'Bout dat time it turn kind of dark and begin to rain a little, and we git out to de big road and de rain come down hard. It rain so hard for a little while dat we just have to stop de wagon and set dar, and den long come more soldiers dan I ever see befo'. Dey all white men, I think, and dey have on dat brown clothes dyed wid walnut and butternut, and old Master say dey de Confederate soldiers. Dey dragging some big guns on wheels and most de men slopping 'long in de rain on foot.
Den we hear de fighting up to de north 'long about what de river is, and de guns sound lak hosses loping 'cross a plank bridge way off somewhar. De head men starts hollering and some de hosses start rearing and de soldiers start trotting faster up de road. We can't git out on de road so we jest strike off through de prairie and make for a creek dat got high banks and a place on it we call Rocky Cliff.
We git in a big cave in dat cliff, and spend de whole day and dat night in dar, and listen to de battle going on.
Dat place was about half-a-mile from de wagon depot at Honey Springs, and a little east of it. We can hear de guns going all day, and along in de evening here come de South side making for a getaway. Dey come riding and running by whar we is, and it don't make no difference how much he head men hollers at 'em dey can't make dat bunch slow up and stop.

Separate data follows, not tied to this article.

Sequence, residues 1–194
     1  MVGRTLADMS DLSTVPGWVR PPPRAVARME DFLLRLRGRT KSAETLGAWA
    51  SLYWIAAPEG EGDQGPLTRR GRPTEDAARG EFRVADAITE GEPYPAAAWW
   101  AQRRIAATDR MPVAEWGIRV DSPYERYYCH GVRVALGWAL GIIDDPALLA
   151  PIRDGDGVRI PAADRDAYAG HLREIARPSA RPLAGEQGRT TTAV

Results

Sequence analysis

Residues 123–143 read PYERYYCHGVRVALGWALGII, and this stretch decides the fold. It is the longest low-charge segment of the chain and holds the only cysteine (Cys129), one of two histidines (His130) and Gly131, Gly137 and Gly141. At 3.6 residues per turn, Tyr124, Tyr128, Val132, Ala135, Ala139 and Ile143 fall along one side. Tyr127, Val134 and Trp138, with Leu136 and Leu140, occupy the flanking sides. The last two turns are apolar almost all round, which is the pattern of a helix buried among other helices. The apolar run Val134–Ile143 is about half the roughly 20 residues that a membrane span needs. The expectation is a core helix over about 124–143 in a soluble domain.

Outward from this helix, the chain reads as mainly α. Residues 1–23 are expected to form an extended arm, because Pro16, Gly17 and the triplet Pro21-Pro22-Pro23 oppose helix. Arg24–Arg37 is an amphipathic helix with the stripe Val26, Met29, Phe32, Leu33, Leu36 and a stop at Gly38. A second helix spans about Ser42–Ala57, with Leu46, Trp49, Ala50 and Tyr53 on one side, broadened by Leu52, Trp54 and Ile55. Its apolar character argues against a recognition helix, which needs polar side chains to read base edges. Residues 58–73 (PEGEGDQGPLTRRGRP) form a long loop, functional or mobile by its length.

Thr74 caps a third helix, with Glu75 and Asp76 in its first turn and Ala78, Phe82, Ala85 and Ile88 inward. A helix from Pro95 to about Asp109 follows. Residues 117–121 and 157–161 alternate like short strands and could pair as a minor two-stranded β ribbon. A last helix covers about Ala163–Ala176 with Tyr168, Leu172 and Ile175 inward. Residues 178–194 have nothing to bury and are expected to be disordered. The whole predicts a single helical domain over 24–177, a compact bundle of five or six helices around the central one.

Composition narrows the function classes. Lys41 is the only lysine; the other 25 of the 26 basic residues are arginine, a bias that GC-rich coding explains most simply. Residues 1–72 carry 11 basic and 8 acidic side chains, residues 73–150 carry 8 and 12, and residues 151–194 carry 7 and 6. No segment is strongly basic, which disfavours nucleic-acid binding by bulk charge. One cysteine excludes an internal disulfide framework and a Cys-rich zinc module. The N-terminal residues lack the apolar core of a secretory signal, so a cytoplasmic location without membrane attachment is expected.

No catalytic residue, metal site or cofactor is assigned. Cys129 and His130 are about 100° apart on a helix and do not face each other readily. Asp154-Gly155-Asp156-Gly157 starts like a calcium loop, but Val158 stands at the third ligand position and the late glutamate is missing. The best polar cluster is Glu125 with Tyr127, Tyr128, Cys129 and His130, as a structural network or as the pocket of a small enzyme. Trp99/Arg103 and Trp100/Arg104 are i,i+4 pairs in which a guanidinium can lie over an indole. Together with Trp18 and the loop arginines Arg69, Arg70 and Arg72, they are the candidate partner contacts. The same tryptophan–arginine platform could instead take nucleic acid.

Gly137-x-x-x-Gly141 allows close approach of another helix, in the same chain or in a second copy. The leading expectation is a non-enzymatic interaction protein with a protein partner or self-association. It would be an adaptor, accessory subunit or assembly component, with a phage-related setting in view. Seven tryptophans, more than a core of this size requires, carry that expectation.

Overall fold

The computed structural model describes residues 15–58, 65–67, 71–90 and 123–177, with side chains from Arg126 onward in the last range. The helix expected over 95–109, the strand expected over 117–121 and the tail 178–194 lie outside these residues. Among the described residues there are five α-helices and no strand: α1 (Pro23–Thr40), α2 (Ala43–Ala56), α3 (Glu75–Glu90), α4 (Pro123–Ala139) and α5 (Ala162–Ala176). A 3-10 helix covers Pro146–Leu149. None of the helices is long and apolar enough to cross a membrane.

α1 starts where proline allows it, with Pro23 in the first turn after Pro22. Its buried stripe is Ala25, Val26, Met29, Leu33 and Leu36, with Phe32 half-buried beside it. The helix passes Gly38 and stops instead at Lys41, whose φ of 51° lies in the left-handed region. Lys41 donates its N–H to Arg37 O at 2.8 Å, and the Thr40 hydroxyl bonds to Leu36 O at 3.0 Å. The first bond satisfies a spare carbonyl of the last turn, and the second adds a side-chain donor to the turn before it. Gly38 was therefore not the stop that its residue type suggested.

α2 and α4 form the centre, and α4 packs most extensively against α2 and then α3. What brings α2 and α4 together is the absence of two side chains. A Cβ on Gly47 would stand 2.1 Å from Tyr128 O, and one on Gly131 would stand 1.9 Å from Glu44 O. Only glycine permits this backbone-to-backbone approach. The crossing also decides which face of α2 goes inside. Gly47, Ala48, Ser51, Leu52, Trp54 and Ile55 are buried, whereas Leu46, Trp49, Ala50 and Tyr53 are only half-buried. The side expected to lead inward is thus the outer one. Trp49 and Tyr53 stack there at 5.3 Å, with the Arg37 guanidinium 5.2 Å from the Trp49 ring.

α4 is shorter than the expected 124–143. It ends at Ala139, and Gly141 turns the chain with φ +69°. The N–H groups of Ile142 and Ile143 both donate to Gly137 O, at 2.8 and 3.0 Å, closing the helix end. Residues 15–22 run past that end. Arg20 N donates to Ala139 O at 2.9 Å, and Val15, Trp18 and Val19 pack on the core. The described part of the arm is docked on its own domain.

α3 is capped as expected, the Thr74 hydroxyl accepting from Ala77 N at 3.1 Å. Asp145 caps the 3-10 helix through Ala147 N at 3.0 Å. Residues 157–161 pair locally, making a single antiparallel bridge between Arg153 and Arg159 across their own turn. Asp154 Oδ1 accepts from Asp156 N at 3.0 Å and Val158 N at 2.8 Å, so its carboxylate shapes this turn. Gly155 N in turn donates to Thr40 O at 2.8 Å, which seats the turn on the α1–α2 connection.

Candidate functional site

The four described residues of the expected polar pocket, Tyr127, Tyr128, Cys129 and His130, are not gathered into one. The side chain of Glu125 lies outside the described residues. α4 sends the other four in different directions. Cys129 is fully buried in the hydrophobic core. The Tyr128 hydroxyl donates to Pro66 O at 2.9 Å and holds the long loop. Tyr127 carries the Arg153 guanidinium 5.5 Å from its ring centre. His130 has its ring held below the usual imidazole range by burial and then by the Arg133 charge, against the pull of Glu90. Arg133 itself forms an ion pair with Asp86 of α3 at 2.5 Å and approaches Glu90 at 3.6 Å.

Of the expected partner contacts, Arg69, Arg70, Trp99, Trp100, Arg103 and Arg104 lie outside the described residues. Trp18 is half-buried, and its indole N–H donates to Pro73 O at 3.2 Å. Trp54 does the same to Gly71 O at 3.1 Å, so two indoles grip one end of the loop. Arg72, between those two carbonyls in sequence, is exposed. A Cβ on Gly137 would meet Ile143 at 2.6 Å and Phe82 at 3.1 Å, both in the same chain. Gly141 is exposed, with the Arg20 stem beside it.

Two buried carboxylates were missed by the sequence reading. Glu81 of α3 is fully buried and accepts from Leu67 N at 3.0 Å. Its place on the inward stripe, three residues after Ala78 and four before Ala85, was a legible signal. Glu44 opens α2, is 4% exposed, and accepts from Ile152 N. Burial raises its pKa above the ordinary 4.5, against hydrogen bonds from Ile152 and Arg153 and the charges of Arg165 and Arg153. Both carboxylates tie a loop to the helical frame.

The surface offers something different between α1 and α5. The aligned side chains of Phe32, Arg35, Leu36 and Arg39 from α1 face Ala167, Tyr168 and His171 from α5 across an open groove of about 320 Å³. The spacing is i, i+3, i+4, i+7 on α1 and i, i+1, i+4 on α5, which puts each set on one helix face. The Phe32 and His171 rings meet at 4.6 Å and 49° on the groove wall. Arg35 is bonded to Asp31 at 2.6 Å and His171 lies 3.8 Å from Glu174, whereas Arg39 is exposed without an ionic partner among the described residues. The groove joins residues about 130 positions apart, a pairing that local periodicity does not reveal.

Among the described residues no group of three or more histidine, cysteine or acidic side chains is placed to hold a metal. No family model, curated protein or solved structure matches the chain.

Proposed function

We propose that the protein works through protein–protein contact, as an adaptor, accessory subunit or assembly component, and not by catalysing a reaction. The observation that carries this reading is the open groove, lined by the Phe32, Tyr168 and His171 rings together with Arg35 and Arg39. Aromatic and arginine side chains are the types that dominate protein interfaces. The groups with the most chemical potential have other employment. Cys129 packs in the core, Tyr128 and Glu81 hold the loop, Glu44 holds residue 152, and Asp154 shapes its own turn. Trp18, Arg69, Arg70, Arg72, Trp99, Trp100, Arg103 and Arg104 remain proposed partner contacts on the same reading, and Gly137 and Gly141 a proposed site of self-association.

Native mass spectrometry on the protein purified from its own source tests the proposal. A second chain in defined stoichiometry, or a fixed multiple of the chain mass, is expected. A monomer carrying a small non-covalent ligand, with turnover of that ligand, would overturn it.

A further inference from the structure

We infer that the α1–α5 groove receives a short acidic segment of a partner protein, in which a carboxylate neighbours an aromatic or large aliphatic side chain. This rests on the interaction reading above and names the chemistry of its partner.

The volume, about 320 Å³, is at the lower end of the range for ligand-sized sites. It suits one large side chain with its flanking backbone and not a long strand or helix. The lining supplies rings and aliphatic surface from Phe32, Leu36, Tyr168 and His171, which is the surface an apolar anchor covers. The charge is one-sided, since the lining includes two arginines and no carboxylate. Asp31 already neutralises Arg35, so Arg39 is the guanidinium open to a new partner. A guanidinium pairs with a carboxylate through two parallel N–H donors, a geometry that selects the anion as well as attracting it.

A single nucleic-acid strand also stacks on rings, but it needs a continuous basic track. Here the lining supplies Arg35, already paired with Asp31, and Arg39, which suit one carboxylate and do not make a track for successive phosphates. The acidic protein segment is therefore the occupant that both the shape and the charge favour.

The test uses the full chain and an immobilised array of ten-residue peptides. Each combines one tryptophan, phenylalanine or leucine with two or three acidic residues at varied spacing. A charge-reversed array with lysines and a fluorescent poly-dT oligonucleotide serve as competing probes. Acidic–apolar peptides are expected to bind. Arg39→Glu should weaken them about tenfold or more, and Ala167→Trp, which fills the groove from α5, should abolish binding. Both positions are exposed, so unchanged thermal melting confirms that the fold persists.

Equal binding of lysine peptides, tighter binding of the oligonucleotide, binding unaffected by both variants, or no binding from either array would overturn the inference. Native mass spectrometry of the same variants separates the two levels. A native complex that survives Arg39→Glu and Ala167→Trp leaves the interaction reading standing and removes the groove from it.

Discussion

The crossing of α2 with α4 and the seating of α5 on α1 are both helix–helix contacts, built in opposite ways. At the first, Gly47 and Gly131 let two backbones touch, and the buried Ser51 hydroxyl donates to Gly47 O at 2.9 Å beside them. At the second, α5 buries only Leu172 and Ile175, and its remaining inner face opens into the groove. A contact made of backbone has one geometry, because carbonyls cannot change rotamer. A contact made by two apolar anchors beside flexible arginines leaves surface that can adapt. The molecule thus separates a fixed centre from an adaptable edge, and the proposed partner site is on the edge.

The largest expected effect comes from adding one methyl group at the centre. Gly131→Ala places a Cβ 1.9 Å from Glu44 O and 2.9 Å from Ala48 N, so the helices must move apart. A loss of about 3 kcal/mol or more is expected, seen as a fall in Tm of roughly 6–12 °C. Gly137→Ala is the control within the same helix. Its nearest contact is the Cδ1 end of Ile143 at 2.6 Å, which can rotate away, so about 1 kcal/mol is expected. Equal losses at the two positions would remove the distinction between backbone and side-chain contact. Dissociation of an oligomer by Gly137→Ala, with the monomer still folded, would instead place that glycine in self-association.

After while here come de Yankees, right after 'em, and dey goes on into Honey Springs and pretty soon we see de blaze whar dey is burning depot and de houses.
De next morning we goes back to de house and find de soldiers ain't hurt nothing much. De hogs is whar dey is in de pen and de chickens come cackling 'round too. Dem soldiers going so fast dey didn't have no time to stop and take nothing, I reckon.
Den long come lots of de Yankee soldiers going back to the North, and dey looks purty wore out, but dey is laughing and joshing and going on.
Old Master pack up de wagon wid everything he can carry den, and we strike out down de big road to git out de way of any more war, is dey going to be any.
Dat old Texas road jest crowded wid wagons! Everybody doing de same thing we is, and de rains done made de road so muddy and de soldiers done tromp up de mud so bad dat de wagons git stuck all de time.
De people all moving along in bunches, and every little while one bunch of wagons come up wid another bunch all stuck in de mud, and dey put all de hosses and mules on together and pull em out, and den dey go on together awhile.
At night dey camp, and de women and what few niggers dey is have to git supper in de big pots, and de men so tired dey eat everything up from de women and de niggers, purty nigh.